Realizing this, I call Leonard from the back of a cab. Leonard answers and says, “You forgot your brisket.” I said, “I have to leave at 8 in the morning to catch a train”. He tells me, “Come by before you leave. I get up early, so it’ll be fine.” At eight the next morning, I leave my hotel telling the cab driver we have to make a stop on the way to the station. The cab pulls up Leonard’s street, and there… at eight in the morning is Leonard Cohen. Leonard Cohen standing in the street, outside his house… dressed in a suit with a fedora on his head! He was standing there waiting, dressed like that at 8 in the morning… holding my brisket!! (much laughter!)
What a great story!
You’ll never see Leonard Cohen in anything but a suit.
Tell me about working with James Taylor?
I got to know James when he flew me out to Los Angeles in ’86 to audition for him. The audition didn’t work out but through the Canadian Songwriters Hall of Fame, James came up to honour Joni Mitchell (who’s his old girlfriend). We got James to sing Woodstock on the show and I did the arrangement. James Taylor, like Leonard Cohen, is also a soft spoken guy with a great sense of humour.
Did you hear James Taylor is about to embark on a tour with Carole King?
Is he? Is he really? Cool.
So how often do you honour someone for the Canadian Songwriters Hall of Fame?
We try to do it once a year. And for the next one, we’ll be honouring Rush.
Really? I love Rush! They were the first concert I ever saw.
I bet you saw them at your high school.
It was Maple Leaf Gardens actually, Dec 30, 1977.
Did Max Webster play too?
No, but I wish they had. I love Max Webster! Where is the Canadian Songwriters Hall of Fame show held and is it open to the general public?
It will be held on March 28, 2010 at the Toronto Centre for the Arts and yes, anyone can go. Tickets are available at www.cansong.ca
Speaking of Rush, Alex Lifeson has recently been a cast in a new television series starring the actors who play the Trailer Park Boys.
Alex Lifeson is also co-owner of the Orbit Room.
Yes. The Orbit Room; one of the best live music venues in the city, and you played there in one of the house bands right?
The Dexters played the Orbit Room every Saturday night for ten years. We’re an R&B band who modeled ourselves after Booker T and the MGs. The Dexters played the Orbit on their opening night and ended their run on the tenth anniversary. But we’ll be returning to the Orbit to play for their 15th anniversary.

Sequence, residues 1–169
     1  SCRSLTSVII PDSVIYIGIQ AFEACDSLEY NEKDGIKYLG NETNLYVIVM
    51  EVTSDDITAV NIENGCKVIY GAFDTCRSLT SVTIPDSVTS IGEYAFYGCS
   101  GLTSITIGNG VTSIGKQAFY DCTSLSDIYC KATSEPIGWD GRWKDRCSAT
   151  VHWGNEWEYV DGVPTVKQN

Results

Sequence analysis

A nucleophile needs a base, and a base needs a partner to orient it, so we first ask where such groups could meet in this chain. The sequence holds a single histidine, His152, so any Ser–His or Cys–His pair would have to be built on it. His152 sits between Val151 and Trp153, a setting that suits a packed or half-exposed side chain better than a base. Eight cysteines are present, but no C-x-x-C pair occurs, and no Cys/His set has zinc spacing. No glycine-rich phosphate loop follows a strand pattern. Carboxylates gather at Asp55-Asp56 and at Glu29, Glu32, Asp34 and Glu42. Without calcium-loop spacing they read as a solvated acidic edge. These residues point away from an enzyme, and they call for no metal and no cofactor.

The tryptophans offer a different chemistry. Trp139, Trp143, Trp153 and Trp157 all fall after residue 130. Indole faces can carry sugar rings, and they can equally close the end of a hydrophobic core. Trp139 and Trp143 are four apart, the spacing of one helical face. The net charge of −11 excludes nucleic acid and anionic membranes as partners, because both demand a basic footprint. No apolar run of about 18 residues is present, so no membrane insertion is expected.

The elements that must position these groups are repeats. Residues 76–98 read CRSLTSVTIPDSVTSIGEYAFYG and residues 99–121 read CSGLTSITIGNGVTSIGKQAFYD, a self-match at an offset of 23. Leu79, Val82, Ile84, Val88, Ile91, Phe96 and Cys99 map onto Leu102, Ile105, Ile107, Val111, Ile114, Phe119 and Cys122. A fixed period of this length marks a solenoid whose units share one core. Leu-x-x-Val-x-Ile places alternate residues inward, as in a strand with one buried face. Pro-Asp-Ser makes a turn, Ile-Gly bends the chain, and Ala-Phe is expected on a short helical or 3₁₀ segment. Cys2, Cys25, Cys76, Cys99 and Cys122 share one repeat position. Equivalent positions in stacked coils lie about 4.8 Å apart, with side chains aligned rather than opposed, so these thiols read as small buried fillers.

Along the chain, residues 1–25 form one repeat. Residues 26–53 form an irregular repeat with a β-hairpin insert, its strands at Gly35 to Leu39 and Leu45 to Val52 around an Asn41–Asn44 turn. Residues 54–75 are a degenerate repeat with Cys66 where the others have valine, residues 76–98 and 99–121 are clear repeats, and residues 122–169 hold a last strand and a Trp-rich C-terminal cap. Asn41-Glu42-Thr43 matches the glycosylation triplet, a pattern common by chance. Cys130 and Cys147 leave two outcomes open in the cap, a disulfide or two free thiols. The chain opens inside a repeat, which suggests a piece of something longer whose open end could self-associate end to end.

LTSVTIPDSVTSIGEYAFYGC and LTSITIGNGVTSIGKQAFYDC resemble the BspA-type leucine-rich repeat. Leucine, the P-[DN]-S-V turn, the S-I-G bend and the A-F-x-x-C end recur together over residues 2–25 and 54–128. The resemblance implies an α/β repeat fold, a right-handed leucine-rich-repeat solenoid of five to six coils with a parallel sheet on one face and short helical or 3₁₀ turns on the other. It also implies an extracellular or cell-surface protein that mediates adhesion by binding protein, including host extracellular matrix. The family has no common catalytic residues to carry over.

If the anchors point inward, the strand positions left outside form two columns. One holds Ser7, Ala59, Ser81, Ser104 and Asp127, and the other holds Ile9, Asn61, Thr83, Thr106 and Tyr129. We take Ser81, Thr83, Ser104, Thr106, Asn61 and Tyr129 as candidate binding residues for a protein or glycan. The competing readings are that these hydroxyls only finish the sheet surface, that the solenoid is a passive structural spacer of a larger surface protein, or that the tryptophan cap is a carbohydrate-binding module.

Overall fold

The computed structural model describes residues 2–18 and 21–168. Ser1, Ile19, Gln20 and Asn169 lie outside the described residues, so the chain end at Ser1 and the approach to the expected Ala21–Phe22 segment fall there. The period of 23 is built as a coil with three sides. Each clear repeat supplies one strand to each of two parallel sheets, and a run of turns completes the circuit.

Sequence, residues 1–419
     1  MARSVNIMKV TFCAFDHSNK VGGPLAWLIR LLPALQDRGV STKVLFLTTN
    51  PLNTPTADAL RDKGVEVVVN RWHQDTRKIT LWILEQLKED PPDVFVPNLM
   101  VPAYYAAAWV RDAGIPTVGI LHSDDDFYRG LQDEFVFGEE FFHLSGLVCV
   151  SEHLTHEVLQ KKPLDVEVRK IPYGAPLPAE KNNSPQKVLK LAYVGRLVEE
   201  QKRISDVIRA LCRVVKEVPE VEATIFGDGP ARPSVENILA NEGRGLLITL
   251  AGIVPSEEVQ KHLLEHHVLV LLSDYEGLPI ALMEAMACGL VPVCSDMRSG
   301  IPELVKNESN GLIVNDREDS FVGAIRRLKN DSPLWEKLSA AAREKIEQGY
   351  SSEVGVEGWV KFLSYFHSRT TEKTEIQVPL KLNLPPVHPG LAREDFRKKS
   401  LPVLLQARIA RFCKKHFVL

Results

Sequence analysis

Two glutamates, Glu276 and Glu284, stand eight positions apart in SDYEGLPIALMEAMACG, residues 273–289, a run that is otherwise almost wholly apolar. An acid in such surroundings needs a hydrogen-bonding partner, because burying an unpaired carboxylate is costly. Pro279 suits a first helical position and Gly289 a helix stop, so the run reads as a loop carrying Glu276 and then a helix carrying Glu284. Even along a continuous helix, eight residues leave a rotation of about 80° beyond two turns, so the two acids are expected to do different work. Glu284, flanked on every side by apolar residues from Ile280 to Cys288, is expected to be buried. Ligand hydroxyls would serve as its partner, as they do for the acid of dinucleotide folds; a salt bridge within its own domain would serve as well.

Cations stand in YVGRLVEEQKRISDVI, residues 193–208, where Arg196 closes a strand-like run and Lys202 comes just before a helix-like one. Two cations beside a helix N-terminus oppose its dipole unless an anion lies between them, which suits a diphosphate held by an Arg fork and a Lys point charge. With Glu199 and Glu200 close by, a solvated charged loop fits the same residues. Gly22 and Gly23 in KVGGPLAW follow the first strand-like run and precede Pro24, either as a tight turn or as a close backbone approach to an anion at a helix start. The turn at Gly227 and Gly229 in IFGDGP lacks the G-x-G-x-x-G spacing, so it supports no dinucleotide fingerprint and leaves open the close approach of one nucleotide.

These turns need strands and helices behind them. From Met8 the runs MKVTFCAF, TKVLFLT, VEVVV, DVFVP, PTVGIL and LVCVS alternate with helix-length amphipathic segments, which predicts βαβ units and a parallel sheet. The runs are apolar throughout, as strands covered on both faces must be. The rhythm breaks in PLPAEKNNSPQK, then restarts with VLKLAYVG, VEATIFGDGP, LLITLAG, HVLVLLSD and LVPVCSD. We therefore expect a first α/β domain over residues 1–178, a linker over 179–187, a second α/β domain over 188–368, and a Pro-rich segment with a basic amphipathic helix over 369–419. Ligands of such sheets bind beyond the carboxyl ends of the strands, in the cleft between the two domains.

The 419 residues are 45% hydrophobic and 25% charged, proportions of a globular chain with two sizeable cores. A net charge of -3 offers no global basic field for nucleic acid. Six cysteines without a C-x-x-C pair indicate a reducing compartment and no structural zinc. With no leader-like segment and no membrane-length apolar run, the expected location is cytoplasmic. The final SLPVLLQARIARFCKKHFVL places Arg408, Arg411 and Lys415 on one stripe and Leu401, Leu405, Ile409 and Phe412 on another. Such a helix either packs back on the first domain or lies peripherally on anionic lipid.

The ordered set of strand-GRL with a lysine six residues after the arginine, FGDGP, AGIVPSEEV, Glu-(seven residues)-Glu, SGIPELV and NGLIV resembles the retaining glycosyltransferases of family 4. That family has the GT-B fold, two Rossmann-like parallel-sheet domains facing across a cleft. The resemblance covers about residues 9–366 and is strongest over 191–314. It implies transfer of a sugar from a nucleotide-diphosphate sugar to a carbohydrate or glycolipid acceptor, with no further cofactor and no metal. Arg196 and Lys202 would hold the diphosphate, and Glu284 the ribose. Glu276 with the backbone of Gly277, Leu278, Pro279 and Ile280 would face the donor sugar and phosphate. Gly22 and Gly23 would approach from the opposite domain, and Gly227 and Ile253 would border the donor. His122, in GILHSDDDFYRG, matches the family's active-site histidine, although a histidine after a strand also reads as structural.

Are there recordings of the Dexters?
We did one live recording at the Orbit Room. It’s available on iTunes. One of my big regrets was not doing a recording of original material. The Dexters tried many times but it never got off the ground. But I guess we could still do it. But you know, my big challenge is making a cd of my own material. Both my wife and business manager keep prompting me, “When are you going to make your own record?” I do need to do it. But it’s a big challenge when you’ve had the kind of career I’ve had. For twenty five years all I’ve heard is… “Lou we need this and we need it by Tuesday”. I got used to working with a deadline. It’s like a journalist who works with a deadline for years and then says, “I’m moving to Cape Cod now to write the next great American novel!“ Well, you’re likely to get there and discover you can’t write a single word. It’s like this for me. When someone hands me a job with the parameters clearly drawn, I get excited. But I can’t seem to excite myself enough to work on my own stuff.
Well, you can always hire someone to get you to do it.
That’s why I got married! (laughter) Once I make up my mind of what the cd is going to be, I will write it. It used to be I couldn’t wait to get my fingers on the keyboard, but now I don’t want to go near it until I conceptualize in my head first. I spend more time conceptualizing a project, and a lot less time actualizing it. Like a book, you can’t write it until you know what it’s about.
Will you have special guests on your cd?
Yes, most definitely! My friends are some of the most talented people in the country. I know a lot of famous people but I’m talking about guys nobody’s ever heard of, guys who’ll blow your mind. I’m sure you know the type where you have to ask yourself, “why isn’t this guy famous?!” There’s never been a correlation between talent and money. Never.
Do you write jingles too? I heard there’s a good living in that.